• Number2018
    245
    There was no apparent debate between Simondon and Heidegger. Yet, both philosophers developed different philosophies of technology and its implications; the critique of Aristotelian hylomorphism has become the central theme of their accounts of technology. For Heidegger, the traditional concept of hylomorphism (a thing is a formed substance) should be applied just for artesian products (Zeugen), but neither for spontaneous things of nature (Dingen) nor for the works of art (Werken). In spite of criticizing the theory of the artesian production, Heidegger embraces the four traditional causes of the product
    (a chalice) as grounded and united by a more fundamental generating principal: “The modes of occasioning, the four causes, are at play, then, within bringing-forth. Through bringing-forth, the growing things of nature as well as whatever is completed through the crafts and the arts come at any given time to their appearance. Occasioning has to do with the presencing [Anwesen] of that which at any given time comes to appearance in bringing-forth”.

    Further, while considering modern technology, Heidegger asserts that similarly to his analysis of the artisan production, “Technology is, therefore no mere means. Technology is a way of revealing. “ But, the difference is in a special mode of revealing: “the revealing that holds sway throughout modern technology does not unfold into a bringing-forth in the sense of poiesis. The revealing that rules throughout modern technology has the character of a setting-upon, in the sense of a challenging forth. What kind of unconcealment is it, then, that is peculiar to that which comes to stand forth through this setting-upon that challenges? Everywhere everything is ordered to stand by, to be immediately at hand, indeed to stand there just so that it may be on call for a further ordering. Whatever is ordered about in
    this way has its own standing. We call it the standing-reserve (Gestell)… An airliner that stands on the runway is surely an object. Certainly. We can represent the machine so. But then it conceals itself as to what and how it is. Revealed, it stands on the taxi strip only as standing-reserve, inasmuch as it is ordered to ensure the possibility of transportation. For this, it must be in its the whole structure and in every one of its constituent parts, on call for duty, i.e., ready for takeoff.”

    Heidegger intended to show that Gestell is neither about a functional mode of the use of the technical object nor about its essence. Gestell is the singular event, generating an ultimate and absolute meaning of contemporary technology. Yet, it's bright light – isn’t it the result of the operation of the separation between technology and the Heideggerian insights? Gestell has been designed with the pretension to become a universal matrix of the ongoing becoming, whereas technical objects themselves have been taken as finished and completed, deprived of becoming and poiesis. Heidegger’s primary examples – an airliner, Rein, industries – are merely illustrations of his fundamental truth. Further, his totality of useful things -"Strictly speaking, there "is" no such thing as a useful thing. There always belongs to the being of a useful thing a totality of useful things in which this useful thing can be what it is” is no more than a cyclic hermeneutic referral that has nothing in common with contemporary technology. As already known and accomplished hermeneutic product, placed on the same plain with its particular objects, Gestell may reproduce the scheme of the traditional hylomorphic relation between a thing and its essence.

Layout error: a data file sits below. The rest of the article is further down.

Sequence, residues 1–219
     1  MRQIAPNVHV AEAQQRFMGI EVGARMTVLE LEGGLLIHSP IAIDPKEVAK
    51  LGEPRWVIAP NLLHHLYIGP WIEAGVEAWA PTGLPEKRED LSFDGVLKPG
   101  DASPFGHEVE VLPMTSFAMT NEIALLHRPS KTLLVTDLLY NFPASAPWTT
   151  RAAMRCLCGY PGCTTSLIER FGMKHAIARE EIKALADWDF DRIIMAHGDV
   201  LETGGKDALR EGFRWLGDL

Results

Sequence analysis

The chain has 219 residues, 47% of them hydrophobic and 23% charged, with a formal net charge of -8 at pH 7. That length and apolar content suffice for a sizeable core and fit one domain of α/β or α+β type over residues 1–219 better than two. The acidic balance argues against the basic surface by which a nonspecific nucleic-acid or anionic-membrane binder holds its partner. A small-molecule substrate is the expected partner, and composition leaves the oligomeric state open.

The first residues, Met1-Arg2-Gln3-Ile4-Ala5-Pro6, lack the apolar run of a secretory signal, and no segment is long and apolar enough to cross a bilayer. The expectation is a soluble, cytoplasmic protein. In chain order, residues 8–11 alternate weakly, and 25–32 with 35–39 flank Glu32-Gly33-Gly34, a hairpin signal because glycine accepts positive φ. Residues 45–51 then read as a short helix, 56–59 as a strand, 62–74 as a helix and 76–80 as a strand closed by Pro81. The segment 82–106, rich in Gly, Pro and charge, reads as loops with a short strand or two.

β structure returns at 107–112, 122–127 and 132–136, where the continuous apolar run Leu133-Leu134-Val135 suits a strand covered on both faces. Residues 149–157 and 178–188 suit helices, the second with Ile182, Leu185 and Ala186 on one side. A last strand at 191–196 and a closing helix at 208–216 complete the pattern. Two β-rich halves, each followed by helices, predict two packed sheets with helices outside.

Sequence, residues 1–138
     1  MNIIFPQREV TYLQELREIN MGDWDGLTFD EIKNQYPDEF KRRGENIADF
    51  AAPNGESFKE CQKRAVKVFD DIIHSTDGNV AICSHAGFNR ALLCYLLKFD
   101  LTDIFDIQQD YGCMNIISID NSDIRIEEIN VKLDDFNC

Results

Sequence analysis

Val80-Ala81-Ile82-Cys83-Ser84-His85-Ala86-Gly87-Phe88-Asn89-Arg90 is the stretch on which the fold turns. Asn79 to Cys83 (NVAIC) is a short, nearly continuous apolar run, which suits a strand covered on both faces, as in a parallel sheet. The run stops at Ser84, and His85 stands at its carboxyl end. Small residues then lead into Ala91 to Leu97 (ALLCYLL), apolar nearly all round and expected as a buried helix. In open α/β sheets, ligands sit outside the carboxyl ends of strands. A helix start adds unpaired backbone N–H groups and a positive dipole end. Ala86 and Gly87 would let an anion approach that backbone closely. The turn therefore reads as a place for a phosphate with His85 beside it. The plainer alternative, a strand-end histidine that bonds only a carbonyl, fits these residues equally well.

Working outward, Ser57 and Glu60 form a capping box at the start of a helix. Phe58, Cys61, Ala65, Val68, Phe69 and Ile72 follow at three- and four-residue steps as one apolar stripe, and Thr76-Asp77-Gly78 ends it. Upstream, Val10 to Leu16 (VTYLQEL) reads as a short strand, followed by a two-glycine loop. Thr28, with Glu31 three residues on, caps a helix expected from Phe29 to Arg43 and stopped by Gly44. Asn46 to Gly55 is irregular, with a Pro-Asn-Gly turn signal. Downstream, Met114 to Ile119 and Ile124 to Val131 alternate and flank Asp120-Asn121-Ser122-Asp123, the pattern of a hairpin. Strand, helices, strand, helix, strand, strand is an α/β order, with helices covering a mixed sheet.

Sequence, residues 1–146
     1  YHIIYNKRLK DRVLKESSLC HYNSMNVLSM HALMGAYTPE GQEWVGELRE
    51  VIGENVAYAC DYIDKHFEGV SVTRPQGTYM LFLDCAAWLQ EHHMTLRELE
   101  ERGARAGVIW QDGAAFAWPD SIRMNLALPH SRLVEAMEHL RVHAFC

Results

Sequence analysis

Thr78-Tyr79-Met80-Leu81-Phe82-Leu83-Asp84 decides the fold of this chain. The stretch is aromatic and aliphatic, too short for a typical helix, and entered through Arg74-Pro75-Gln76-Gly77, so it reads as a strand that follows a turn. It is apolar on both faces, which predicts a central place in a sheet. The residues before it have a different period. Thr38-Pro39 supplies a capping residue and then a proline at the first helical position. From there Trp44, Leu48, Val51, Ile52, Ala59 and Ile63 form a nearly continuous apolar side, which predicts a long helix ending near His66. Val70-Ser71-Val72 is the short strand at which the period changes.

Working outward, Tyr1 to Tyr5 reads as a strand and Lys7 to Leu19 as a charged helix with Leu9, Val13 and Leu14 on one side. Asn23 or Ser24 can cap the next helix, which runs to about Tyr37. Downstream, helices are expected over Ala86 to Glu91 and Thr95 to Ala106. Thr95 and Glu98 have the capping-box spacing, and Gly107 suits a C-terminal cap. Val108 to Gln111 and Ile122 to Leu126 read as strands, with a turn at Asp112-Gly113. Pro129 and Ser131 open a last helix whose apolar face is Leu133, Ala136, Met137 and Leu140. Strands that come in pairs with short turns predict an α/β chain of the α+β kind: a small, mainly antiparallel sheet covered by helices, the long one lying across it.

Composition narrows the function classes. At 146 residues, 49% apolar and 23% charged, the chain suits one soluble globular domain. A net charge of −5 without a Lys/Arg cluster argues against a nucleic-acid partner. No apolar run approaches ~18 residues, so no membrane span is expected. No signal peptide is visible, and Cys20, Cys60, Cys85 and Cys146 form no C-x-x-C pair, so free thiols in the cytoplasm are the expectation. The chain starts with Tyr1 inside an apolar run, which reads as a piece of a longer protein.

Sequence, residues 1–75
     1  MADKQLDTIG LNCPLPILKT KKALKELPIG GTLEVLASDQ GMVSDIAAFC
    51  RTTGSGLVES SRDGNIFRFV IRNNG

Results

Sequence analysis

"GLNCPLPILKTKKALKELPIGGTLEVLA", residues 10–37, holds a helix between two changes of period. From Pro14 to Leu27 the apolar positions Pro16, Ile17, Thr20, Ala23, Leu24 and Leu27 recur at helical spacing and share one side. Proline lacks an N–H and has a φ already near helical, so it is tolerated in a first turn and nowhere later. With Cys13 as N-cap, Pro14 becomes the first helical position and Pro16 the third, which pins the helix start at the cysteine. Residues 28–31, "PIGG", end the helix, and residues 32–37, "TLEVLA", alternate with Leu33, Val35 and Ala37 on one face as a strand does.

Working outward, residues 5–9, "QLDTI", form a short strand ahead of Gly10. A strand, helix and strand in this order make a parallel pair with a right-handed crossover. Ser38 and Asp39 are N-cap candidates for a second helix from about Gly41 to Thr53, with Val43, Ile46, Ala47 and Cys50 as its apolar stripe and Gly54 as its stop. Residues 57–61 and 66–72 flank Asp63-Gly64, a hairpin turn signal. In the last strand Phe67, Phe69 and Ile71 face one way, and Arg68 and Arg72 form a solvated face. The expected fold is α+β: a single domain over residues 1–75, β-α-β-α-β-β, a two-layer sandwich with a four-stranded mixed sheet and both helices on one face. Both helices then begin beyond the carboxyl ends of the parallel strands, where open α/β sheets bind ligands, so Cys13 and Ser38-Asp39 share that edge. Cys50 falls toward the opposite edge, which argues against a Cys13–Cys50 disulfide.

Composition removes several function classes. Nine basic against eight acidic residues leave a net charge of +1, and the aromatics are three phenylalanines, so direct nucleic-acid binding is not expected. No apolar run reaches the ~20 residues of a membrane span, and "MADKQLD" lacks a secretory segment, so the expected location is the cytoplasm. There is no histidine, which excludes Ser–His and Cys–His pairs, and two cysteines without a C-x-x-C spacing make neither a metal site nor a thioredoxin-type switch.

Similarly to Heidegger, Simondon points out that hylomorphism is not a universal explaining principle. Its origin should be found in a technical operation that had been reduced to work and then had been taken to philosophy as a universal paradigm of the genesis of being. Further, considering a traditional relation between form and matter, he discovered a radically new mode of their interaction.
    There is no imposition of an external form (mold) upon a passive matter (clay), of the active form impressing the passive matter. Clay is not just any random, inert material (it is already given its own preliminary forms), as well as the mold is not an abstract form, but a material frame, a result of a variety of assembling operations. There is no imposition of a form, but its reciprocal assumption, continuous and temporal molding. The frame of the mold and the material modulate, enter into a common system, an associated milieu.